Siemens PLM Software
Plano, TX

The use of lithium-ion (Li-ion) batteries has made the electric vehicle (EV) a reality, and electric mobility looks to be a not-so-distant future. However, there has been more than one incident of Li-ion batteries in electric vehicles catching fire and exploding due to either faulty thermal management systems or abuse. All this underscores the vital importance of finding new methods for effective, accurate design of the thermal management systems (TMS) that control temperature and optimize the performance of Li-ion batteries. This need is critical for the global automotive industry, where large Li-ion battery packs are used in EVs and hybrid electric vehicles (HEVs) — both enjoying growing consumer demand year after year. Battery suppliers need to create packs that are compact, efficient, and economical without compromising safety.

Figure 1. Geometry of the pack and the thermal management system.

A properly designed TMS is key to meeting these goals, as both high performance and long battery pack life can be achieved together only when battery temperature is maintained within a narrow thermal range near room temperature, which is the optimal thermal operating condition for this technology. The challenge is to design an efficient, effective TMS that maintains battery temperature within this range across widely varying operating conditions and demands on the battery pack.

Designing a safe, efficient TMS has proven difficult. Temperature variation in a single battery cell can significantly affect performance of the entire pack. Another risk is thermal runaway, which occurs when excessive internal heat escalates until the battery shuts down or explodes. Protection from, and avoidance of, thermal runaway conditions is another critical function of the TMS.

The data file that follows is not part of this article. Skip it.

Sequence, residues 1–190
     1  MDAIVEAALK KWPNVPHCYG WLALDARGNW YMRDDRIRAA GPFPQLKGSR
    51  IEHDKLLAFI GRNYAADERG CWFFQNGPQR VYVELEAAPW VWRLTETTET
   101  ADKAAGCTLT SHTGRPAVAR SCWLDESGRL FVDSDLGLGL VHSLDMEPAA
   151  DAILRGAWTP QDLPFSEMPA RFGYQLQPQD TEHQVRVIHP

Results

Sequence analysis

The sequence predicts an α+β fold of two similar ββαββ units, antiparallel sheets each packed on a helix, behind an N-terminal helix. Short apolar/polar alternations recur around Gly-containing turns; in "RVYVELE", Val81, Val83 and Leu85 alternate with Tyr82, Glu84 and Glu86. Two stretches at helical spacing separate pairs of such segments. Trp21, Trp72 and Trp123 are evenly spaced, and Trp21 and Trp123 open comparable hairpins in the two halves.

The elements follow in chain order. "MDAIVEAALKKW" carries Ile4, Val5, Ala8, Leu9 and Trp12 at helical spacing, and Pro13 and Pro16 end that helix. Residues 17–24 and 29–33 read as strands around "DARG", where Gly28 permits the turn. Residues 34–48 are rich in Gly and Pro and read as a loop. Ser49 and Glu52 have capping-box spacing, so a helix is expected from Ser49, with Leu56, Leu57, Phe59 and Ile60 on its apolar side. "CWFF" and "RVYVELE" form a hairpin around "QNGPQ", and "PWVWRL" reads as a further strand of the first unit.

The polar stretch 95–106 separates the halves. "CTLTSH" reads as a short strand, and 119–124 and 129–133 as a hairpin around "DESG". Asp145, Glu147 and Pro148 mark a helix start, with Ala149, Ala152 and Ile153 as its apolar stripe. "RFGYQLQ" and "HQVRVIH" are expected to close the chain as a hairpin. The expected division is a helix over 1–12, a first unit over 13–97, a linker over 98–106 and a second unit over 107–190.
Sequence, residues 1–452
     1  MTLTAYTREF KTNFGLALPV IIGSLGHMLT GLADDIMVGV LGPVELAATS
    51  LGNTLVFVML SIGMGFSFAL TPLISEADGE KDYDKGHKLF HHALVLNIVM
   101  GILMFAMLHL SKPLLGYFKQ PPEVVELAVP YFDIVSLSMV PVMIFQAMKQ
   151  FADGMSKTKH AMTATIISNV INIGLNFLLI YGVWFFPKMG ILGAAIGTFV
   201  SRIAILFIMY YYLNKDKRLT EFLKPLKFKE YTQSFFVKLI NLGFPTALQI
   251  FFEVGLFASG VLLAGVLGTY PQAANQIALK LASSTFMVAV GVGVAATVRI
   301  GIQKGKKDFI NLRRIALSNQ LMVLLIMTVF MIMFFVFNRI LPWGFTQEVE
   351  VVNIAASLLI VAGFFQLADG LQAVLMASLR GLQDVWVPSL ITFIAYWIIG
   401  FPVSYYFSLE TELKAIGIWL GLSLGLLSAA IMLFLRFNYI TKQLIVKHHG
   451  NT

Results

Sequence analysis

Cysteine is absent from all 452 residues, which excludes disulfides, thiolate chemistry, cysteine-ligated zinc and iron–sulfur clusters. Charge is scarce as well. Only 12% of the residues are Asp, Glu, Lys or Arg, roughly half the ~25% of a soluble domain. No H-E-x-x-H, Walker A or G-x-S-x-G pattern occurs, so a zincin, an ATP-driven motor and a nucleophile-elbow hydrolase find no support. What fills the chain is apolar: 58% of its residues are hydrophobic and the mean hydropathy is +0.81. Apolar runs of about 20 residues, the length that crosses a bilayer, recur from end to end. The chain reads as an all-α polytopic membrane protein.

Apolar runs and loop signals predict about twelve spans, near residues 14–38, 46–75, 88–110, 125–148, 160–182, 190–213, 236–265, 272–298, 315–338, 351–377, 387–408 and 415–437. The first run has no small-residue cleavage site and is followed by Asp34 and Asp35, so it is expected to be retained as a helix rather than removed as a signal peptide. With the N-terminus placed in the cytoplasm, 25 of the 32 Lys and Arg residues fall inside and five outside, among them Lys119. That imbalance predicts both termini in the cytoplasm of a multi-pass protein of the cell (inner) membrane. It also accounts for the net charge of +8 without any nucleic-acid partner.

Samsung R&D Institute — in collaboration with Samsung Advanced Institute of Technology, Korea — developed a novel, liquid-coolant-based TMS for large Li-ion battery packs to address these challenges. They constructed a coupled 3D electrochemical/thermal model of the proposed battery pack, then used the model to evaluate the effects of varying operating conditions such as coolant flow rate and discharge current on the battery pack's temperature. The simulation revealed that the factor with the greatest impact on the pack's thermal performance was contact resistance.

From this numerical solution, a simple temperature correlation for predicting temperatures of every individual cell given the temperature of just one cell was devised and validated through experiment. Such coefficients have great potential to help engineers reduce the number and complexity of thermal sensors required in a large Li-ion battery pack of the kind used in EVs.

Considering the three-dimensional nature of the flow around the cells in a battery pack, and the spatial variance involved in heat generation, simulation of battery packs using computational fluid dynamics (CFD) methodology has evolved as an effective design and optimization tool to address thermal management problems. For the large battery packs operating at high discharge rates typically used in EVs and HEVs, CFD studies have shown that liquid cooling is more effective than air cooling, enabling design of more compact and efficient batteries. Although TMSs based on liquid cooling are already widely used in Li-ion battery-powered vehicles, these TMSs still need to be made safer. Coolants such as Dexcool commonly used in these systems are often flammable, and thus must never be allowed to come near the electrical connections in the battery cell, even in cases of leakage. This last requirement poses another TMS design challenge due to the penalty it incurs in heat transfer efficiency.